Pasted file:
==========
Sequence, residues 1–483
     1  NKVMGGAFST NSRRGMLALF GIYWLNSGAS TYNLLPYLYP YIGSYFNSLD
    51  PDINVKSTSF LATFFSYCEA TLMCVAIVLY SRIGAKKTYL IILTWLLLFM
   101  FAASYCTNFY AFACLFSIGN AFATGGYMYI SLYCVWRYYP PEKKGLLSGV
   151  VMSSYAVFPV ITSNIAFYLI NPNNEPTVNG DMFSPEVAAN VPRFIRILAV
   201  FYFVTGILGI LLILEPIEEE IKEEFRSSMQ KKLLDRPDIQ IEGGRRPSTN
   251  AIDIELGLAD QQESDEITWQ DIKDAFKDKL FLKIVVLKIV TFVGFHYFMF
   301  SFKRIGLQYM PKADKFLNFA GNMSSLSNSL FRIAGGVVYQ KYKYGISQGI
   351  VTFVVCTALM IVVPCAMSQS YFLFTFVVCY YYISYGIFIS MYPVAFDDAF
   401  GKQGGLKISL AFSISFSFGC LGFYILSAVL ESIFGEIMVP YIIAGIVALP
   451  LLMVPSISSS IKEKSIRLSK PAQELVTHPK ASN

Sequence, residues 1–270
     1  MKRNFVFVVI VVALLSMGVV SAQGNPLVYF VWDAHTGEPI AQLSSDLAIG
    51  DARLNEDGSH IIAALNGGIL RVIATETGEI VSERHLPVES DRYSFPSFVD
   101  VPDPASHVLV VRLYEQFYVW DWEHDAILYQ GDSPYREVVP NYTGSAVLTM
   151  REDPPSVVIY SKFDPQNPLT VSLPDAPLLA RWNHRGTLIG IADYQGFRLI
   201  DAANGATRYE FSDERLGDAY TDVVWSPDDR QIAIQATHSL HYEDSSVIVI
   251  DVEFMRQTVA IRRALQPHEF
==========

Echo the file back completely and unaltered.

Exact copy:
Sequence, residues 1–483
     1  NKVMGGAFST NSRRGMLALF GIYWLNSGAS TYNLLPYLYP YIGSYFNSLD
    51  PDINVKSTSF LATFFSYCEA TLMCVAIVLY SRIGAKKTYL IILTWLLLFM
   101  FAASYCTNFY AFACLFSIGN AFATGGYMYI SLYCVWRYYP PEKKGLLSGV
   151  VMSSYAVFPV ITSNIAFYLI NPNNEPTVNG DMFSPEVAAN VPRFIRILAV
   201  FYFVTGILGI LLILEPIEEE IKEEFRSSMQ KKLLDRPDIQ IEGGRRPSTN
   251  AIDIELGLAD QQESDEITWQ DIKDAFKDKL FLKIVVLKIV TFVGFHYFMF
   301  SFKRIGLQYM PKADKFLNFA GNMSSLSNSL FRIAGGVVYQ KYKYGISQGI
   351  VTFVVCTALM IVVPCAMSQS YFLFTFVVCY YYISYGIFIS MYPVAFDDAF
   401  GKQGGLKISL AFSISFSFGC LGFYILSAVL ESIFGEIMVP YIIAGIVALP
   451  LLMVPSISSS IKEKSIRLSK PAQELVTHPK ASN

Sequence, residues 1–270
     1  MKRNFVFVVI VVALLSMGVV SAQGNPLVYF VWDAHTGEPI AQLSSDLAIG
    51  DARLNEDGSH IIAALNGGIL RVIATETGEI VSERHLPVES DRYSFPSFVD
   101  VPDPASHVLV VRLYEQFYVW DWEHDAILYQ GDSPYREVVP NYTGSAVLTM
   151  REDPPSVVIY SKFDPQNPLT VSLPDAPLLA RWNHRGTLIG IADYQGFRLI
   201  DAANGATRYE FSDERLGDAY TDVVWSPDDR QIAIQATHSL HYEDSSVIVI
   251  DVEFMRQTVA IRRALQPHEF